Fueling up is not a very exciting task. In fact, it’s one of the most mundane things about vehicle ownership. BMW engineers understand this and as a result, came up with an entirely new way to refuel an M5: doing it during the middle of a drift.
While this may seem like it’s straight out of a Fast and Furious movie, there’s actually sound reasoning behind it.
Back in July 2017, a South African journalist set a world record for the longest continuous drift. Running a stock Toyota GT86, Jesse Adams circled a wet skid pad for five hours 46 minutes, covering a distance of 102.5 miles. This beat the old record set by Harald Muller set in 2014.
Prior to Muller’s record though, a BMW M5 held the title to the world’s longest drift. In 2013, Johan Schwartz drifted for over 51 miles. BMW wants its crown back, and so does Schwartz.
Obviously, a BMW M5 with its thirsty 4.4-liter V8 engine will chug fuel throughout the run — especially with the constant blipping of the throttle.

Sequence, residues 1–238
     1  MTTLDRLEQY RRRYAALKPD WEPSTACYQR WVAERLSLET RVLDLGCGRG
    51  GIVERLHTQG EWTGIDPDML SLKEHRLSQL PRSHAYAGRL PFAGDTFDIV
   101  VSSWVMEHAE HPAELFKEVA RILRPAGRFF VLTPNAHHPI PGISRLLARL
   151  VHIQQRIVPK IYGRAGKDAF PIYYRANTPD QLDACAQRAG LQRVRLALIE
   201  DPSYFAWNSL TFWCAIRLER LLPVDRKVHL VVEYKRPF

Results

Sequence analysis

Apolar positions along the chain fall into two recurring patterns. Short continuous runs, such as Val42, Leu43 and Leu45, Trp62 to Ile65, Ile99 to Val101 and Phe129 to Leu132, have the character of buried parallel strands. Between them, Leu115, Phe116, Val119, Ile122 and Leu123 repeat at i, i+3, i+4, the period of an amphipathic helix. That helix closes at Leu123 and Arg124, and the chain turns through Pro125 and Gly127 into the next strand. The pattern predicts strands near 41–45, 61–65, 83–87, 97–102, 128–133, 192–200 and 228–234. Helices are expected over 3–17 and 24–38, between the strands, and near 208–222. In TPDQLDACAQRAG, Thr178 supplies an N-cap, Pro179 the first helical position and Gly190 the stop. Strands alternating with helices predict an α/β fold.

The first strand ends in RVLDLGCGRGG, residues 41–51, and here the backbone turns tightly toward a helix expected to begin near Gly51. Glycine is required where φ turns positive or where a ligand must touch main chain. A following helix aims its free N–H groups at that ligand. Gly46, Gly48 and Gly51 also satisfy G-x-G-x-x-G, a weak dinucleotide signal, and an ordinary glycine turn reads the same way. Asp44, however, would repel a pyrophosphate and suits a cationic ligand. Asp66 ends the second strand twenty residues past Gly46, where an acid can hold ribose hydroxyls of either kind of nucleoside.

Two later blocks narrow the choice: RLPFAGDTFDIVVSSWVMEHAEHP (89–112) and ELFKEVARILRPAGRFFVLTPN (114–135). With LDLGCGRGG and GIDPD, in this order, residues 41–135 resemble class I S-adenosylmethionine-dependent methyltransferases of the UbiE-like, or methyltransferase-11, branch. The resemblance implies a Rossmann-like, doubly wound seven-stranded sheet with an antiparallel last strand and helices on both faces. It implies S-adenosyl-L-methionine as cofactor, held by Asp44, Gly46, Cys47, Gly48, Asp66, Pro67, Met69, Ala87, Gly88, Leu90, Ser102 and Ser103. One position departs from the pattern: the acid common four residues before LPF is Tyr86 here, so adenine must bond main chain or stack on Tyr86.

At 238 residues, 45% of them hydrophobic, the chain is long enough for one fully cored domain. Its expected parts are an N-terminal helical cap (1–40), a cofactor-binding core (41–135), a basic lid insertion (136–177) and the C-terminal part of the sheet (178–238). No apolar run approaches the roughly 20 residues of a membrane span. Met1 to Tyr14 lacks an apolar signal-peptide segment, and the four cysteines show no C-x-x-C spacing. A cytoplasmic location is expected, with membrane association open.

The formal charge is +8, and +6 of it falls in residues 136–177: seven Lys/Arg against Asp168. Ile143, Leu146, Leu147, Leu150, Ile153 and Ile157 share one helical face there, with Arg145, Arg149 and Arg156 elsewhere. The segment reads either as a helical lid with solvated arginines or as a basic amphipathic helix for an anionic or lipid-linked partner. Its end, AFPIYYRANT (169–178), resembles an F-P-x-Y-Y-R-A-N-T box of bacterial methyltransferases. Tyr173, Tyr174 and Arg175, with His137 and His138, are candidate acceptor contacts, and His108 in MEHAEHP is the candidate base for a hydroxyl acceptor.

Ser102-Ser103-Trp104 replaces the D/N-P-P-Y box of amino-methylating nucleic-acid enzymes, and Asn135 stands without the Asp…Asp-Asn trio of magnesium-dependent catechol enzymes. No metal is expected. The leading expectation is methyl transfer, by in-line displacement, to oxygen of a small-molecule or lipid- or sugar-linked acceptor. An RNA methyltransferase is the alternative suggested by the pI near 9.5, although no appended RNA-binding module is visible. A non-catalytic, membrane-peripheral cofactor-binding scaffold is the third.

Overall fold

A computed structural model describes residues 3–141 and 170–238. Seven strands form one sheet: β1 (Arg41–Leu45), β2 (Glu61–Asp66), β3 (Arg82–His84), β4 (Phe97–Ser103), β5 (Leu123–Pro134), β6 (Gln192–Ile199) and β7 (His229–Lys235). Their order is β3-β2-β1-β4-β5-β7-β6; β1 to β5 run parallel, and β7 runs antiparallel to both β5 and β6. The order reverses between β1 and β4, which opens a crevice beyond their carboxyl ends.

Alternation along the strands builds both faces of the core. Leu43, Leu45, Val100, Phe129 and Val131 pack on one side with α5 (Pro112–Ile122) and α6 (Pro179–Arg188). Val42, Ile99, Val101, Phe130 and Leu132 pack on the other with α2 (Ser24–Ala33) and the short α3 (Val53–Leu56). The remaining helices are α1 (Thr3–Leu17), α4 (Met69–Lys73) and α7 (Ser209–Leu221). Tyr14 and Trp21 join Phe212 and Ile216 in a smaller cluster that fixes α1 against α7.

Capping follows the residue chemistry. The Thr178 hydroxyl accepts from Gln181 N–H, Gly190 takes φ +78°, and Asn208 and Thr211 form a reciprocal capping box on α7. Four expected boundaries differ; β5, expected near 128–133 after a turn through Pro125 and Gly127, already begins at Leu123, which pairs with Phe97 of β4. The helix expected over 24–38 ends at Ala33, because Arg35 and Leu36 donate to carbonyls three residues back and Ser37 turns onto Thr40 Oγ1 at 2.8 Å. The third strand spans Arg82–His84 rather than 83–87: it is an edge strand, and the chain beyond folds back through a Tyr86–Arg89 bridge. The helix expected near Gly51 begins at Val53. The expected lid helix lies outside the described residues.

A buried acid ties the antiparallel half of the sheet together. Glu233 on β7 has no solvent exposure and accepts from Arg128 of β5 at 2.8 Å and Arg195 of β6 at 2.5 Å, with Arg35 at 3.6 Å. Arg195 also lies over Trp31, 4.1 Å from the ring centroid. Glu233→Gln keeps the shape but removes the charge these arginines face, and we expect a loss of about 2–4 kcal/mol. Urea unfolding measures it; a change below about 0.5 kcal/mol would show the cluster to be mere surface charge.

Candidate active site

Even though the Guinness World Records crew state that a car during the drift may stop for fuel BMW wanted to keep with the spirit of the record. This is where its engineers step in.
In order to keep Schwartz and the M5 sideways for their eight hour target, the engineers have come up with mid-drift refueling.
Similar to how mid-air refueling works with military aircraft, the BMW system is just as awe-inspiring.
To accomplish the task of mid-drift refueling a second M5 will drift up beside the record car — getting as close as two feet away. A fuel operator hangs out of the rear window, ready to connect a fuel hose to the special filler neck. Once the hose connects, a pump then delivers 18 gallons of fuel to the record car. After the fueling is complete, the tanker car disconnects and drifts away, leaving Schwartz to continue on his way.
The reasoning behind this method is something we can get behind too. According to Chief Instructor at the BMW Performance Center, Matt Mullins, it’s boring to watch someone stop and pump fuel. So the whole reason behind this complex, not to mention dangerous, system is to look cool.
There’s no word on whether or not BMW successfully beat Adams’s record. However, on January 9, BMW will release a video detailing the attempt. Frankly though, even if it beats the old record, it won’t be anywhere near as interesting as this: